From my “Me” page

I once read that “Om” is the sound that was made at the inception of the universe. That when the entirety of all things was somehow formed out of a void, Om was the vibrational emanation that erupted when the energy transferred from one state to another.

And “Om” is deceptive, for when said clearly, it’s actually three sounds, “A”, “U” and “M” and it’s in our haste to utter it as a cohesive unit that it often comes out–incorrectly–as only two.

And of course, to believe the universe made a sound at it’s “birth” is a story right there. The “big bang” is the current working theory explaining the universe’s known physical properties and it’s hard to imagine such a bang not making a sound but because the emptiness of space doesn’t carry “sound” (current science: except for gravitational waves) we would actually have to redefine sound in order to understand it. What can something say if it can’t be heard? Begging the question of the deep existential unknowings, asking who is the observer in this? Who is the one who hears? Is there a consciousness humans don’t have that experiences energy and light as it explodes into being? Questions which probe our growth, bringing us back to “Om” and the communion of heart. Where cross-legged on the floor we make space for the quiet, and in so doing, come to chant those three emanations from our voice box which no matter what the science or philosophy reveals is actually and truly the universe creating the sounds of itself.

The site title “Aimless” is a moniker I received from my AP Economics teacher Mr. Rosen at Aptos High School (CA) in front of a class of my peers–who didn’t know me except as the shy, new girl whose face turned red when she had to speak. The moniker which hit an emotional target that’s taken me over 30 years to fully understand. Because I was someone born looking for the deeper meaning. I read spiritual books at an early age, took religious studies courses as my “fun classes”, and purposely-geared my University of California, Davis psychology degree into the “pseudo-science” of what consciousness was, simply because I respected science enough to see that the full arc of its story is that science is ALWAYS in its infancy. So the description of being “Aimless” was not only an insult but a fear. For to be “Aimless” was like saying I’d never find the enlightenment the Buddha described, or walk the earth in love with humanity like Jesus. “Aimless” was someone ambling purposelessly along a road of meaninglessness, the glancing blows of love and experience barely reaching into the deepest significance of who I was and what I thought was possible. But now at 52 years old, I see things more clearly.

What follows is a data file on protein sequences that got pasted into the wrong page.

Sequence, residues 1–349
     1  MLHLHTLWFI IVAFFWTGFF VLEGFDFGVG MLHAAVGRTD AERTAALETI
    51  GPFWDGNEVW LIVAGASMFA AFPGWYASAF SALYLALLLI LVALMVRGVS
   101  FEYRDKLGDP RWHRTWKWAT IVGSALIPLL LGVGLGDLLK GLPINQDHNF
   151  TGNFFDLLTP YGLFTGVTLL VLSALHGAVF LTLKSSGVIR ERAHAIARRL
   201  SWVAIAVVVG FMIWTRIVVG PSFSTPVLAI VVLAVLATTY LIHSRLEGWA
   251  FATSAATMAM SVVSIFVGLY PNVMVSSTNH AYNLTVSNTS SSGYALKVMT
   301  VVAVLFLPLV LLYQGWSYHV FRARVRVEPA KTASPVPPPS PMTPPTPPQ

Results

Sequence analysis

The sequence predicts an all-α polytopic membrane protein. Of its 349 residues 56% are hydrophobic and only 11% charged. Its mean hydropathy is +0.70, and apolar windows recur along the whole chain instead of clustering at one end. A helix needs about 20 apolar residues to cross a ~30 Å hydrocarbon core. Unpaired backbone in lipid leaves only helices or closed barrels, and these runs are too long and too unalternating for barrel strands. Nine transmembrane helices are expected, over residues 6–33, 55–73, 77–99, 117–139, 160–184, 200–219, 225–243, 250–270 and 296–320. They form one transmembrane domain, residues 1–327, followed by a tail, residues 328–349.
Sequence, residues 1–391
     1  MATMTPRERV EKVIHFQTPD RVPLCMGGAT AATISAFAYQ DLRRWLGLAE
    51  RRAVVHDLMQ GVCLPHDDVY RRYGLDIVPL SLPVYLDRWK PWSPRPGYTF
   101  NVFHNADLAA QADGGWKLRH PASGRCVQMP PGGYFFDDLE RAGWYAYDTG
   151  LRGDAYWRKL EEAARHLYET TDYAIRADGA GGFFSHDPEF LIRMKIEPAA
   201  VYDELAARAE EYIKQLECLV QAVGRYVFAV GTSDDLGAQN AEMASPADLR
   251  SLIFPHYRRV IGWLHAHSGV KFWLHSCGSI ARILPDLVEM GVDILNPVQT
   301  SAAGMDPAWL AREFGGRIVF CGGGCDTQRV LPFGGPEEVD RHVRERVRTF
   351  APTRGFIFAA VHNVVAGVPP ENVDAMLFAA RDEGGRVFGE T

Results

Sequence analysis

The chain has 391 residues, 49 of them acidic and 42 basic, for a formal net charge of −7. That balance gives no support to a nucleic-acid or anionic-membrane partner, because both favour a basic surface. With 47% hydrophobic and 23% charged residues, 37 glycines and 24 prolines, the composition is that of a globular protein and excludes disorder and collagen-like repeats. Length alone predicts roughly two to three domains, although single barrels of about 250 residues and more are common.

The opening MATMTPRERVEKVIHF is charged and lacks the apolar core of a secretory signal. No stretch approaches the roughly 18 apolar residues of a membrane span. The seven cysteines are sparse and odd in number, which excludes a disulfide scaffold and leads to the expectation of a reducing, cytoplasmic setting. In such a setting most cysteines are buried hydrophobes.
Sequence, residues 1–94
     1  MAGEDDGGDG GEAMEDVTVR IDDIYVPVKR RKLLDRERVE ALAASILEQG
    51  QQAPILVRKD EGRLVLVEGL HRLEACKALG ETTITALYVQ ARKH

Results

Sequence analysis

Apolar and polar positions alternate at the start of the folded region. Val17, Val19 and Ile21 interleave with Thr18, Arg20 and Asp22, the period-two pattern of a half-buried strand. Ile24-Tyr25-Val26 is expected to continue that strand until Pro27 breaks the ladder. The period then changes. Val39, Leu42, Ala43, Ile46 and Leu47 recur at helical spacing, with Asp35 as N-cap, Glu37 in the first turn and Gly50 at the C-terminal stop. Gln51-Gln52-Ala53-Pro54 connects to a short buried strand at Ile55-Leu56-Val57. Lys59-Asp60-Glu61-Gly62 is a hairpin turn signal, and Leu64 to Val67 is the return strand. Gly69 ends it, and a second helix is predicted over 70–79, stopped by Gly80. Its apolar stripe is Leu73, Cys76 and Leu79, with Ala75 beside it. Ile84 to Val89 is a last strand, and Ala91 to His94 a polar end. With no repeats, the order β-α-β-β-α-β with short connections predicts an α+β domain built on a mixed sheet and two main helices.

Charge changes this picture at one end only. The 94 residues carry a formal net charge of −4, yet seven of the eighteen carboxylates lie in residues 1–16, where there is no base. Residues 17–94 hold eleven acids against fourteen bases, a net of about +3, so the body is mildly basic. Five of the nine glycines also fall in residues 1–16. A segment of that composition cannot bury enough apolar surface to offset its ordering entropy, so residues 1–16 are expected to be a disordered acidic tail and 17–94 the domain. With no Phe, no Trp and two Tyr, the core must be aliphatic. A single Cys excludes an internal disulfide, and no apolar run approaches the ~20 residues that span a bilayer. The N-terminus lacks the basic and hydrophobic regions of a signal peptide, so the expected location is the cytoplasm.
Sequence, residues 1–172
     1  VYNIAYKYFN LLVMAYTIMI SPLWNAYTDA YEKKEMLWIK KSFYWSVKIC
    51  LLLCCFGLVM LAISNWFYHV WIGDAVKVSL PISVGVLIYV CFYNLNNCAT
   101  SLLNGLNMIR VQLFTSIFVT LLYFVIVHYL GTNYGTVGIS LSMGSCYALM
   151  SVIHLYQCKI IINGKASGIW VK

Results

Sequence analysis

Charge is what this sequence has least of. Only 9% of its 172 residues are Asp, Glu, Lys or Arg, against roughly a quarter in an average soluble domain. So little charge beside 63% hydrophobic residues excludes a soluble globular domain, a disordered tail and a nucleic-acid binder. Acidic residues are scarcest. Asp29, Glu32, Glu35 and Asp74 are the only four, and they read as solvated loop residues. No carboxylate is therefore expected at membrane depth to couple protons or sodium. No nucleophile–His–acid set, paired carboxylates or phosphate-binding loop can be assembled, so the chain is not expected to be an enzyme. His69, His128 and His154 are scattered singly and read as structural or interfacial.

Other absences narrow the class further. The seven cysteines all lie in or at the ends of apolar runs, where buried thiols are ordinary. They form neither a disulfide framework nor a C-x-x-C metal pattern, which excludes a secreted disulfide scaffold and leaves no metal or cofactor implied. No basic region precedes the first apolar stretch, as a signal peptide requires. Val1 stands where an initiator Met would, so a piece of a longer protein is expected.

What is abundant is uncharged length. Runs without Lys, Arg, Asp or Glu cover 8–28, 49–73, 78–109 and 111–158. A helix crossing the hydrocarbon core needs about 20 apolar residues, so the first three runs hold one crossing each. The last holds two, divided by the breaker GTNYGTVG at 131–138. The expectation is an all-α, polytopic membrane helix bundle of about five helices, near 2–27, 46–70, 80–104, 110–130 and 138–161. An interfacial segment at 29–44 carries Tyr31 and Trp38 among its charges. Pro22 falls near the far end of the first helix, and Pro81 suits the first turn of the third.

Because over the course of my life, I did feel aimless. I’ve lived in four states–moved in and out of towns and cities, and relationships. Became a single parent in 2007 after a savage divorce, went back to school for a masters degree in teaching and started a pet sitting business to supplement my income then graduated in 2011 into Life’s cosmic sense of humor where I didn’t get a job, experienced unemployment, financial hardship, the traumas of my beloved daughters, irreparable rifts with the unkind judgment of those I thought were family, and all the other full catastrophes (grief, fear, isolation, desperation) until I began to question the validity of a life which could deliver such experiences. Who cares about deeper meaning when things are so hard and why do I even want to be here for this cruel social experiment known as “humanity”?

But one night while sitting on the stairs of my former home–the wreckage of my life hitting with an incomparable loneliness–I somehow reached a stillness. And from that stillness I rose knowing that within the external circumstances of my life—within the hardship I was still actively engaged in— rests the opportunity to see the profound purity of the love I’ve offered this world. And that it is in fact the ego-less love any of us offer this world that is our only true possession–the only thing we ever get to keep– and is what turns back to speak to us on the carpeted back stairs of 1531 Garfield Avenue during the depths of our dark night of the soul.